Laboratory for Innate Immune Systems

Current research



Origin of FALC

FALC is a unique lymphoid cluster that we discovered in adipose tissue, which contains a number of immune cells including ILC2. Blood vessels and lymphatic vessels are found in FALC, suggesting that cells enter and exit the tissue. FALC exists in aly/aly or RORγt deficient mice, which are known to lack all lymph nodes, implying that this lymphoid tissue is distinct from typical lymph nodes. Furthermore, mice deficient in gc, a common subunit of receptors for IL-2, -4, -7, -9, -15 and 21, lack FALC, suggesting that gc plays a critical role in FALC development. We study the mechanisms that mediate the formation of FALC in adipose tissues as well as mechanisms that control migration of immune cells into FALC. 


Role of ILC2 in allergic inflammation

We have shown that ILC2 play an important role in allergic inflammation in the lung. We have also shown that ILC2 and other innate immune cells such as basophils and eosinophils interact with each other to induce allergic inflammatory responses. Furthermore, our studies demonstrated that ILC2 play a pivotal role in steroid resistance in airway inflammation, through the action of IL-2, IL-7 and TSLP, all of which are Stat5 activators. We have recently been focused on the regulation mechanisms of cytokine production from ILC2 during allergic inflammation. In addition, we want to further clarify the functional interaction of ILC2 with other immune cells.


Role of ILC2 in the homeostasis of adipose tissues

ILC2 were originally found in the FALC structure in adipose tissues. It has been shown that numerous immune cells, including macrophages, play important roles in the homeostasis of adipose tissues and that failure of homeostatic regulation in adipose tissues leads to various diseases including insulin resistance and type 2 diabetes. ILC2 constitutively produce the type 2 cytokines IL-5 and IL-13 that are known to act on various immune cells such as macrophages and eosinophils. We study the function of ILC2 in obesity-induced inflammatory responses in adipose tissues.


Physiological roles of ILC2 in various peripheral tissues

ILC2 are located in various peripheral tissues. They are known to be tissue-resident cells that do not circulate in the blood stream, at least in the steady state.  Therefore, we are investigating the specific roles of ILC2 in various tissues other than adipose, such as lung, skin, intestine, pancreas and liver. We utilize tissue-specific disease models to study the function of ILC2 during inflammation.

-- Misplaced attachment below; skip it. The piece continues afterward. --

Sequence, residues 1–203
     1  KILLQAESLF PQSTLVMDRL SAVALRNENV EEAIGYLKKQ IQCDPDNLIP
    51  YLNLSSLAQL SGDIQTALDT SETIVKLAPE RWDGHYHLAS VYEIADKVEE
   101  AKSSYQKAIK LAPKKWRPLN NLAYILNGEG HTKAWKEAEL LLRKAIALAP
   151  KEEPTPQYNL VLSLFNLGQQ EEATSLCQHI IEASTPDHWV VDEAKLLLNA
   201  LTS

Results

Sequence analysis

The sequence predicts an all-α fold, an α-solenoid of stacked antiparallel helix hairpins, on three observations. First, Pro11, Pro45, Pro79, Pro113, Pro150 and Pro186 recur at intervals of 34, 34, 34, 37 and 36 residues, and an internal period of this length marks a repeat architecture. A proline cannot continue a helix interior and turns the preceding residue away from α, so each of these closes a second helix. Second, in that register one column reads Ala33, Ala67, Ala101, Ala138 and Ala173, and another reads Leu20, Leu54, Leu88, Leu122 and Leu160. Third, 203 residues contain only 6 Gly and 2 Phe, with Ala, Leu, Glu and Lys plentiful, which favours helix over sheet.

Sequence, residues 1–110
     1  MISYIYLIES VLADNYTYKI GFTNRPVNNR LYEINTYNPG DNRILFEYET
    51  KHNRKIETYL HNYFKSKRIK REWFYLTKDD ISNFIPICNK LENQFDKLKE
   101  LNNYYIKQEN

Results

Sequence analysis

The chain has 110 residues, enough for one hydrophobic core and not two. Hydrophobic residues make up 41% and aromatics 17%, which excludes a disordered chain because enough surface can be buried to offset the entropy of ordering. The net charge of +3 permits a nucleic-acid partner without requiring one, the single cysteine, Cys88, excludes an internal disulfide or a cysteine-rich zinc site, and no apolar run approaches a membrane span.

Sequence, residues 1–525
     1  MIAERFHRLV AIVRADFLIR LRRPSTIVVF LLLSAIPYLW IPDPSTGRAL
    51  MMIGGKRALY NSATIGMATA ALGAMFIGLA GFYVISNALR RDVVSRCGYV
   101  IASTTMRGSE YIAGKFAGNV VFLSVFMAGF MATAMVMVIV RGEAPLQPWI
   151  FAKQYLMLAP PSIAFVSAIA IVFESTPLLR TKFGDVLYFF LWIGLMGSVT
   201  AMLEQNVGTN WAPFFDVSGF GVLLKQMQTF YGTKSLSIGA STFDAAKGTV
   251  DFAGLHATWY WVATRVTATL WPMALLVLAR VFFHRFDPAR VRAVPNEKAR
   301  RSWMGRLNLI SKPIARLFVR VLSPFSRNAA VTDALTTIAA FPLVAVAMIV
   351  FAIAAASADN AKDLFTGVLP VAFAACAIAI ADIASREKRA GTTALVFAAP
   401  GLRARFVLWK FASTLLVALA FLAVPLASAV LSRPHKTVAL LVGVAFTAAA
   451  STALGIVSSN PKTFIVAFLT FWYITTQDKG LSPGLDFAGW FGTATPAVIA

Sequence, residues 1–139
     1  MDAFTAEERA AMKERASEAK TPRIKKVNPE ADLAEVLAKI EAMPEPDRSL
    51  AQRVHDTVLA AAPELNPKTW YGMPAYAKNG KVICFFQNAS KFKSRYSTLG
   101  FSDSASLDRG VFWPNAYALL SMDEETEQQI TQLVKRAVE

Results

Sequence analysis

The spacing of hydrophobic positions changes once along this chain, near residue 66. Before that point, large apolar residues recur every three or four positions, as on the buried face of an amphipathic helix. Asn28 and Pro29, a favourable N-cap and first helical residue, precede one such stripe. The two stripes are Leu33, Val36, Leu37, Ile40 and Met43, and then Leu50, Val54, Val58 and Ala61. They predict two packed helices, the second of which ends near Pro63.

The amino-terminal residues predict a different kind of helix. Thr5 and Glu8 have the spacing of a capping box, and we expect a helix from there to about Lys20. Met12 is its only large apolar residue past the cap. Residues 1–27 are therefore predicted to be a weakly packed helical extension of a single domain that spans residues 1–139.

Cell fate decision of ILC2

Similar to other lymphocytes such as T cells, B cells and NK cells, ILC2 are derived from common lymphoid progenitors (CLP) via several specific progenitors including EILP, CHILP and PLZF+ ILCP. However, the environmental factors that regulate the commitment from common progenitors toward ILC lineage and the site and stromal cells that support ILC2-specific differentiation are not fully understood. We established an in vitro ILC2 differentiation system and revealed that the quantity of IL-7 and Notch signaling differentially determine the fate of CLP to ILC lineage. In addition, we identified ILC progenitors and immature ILC2 in the fetal peripheral tissues. Furthermore, we found that PDGFRα+gp38+ mesenchymal cells in the adipose tissue support ILC2 differentiation and maturation form ILC progenitors, suggesting that terminal differentiation of tissue-resident ILC2 occurs in the periphery with the aid of PDGFRα+gp38+ mesenchymal cells. We are currently investigating the contribution of PDGFRα+gp38+ cells to ILC2-specific development to understand how and when these mesenchymal cells regulate ILC2 differentiation, maturation and maintenance in the peripheral tissues.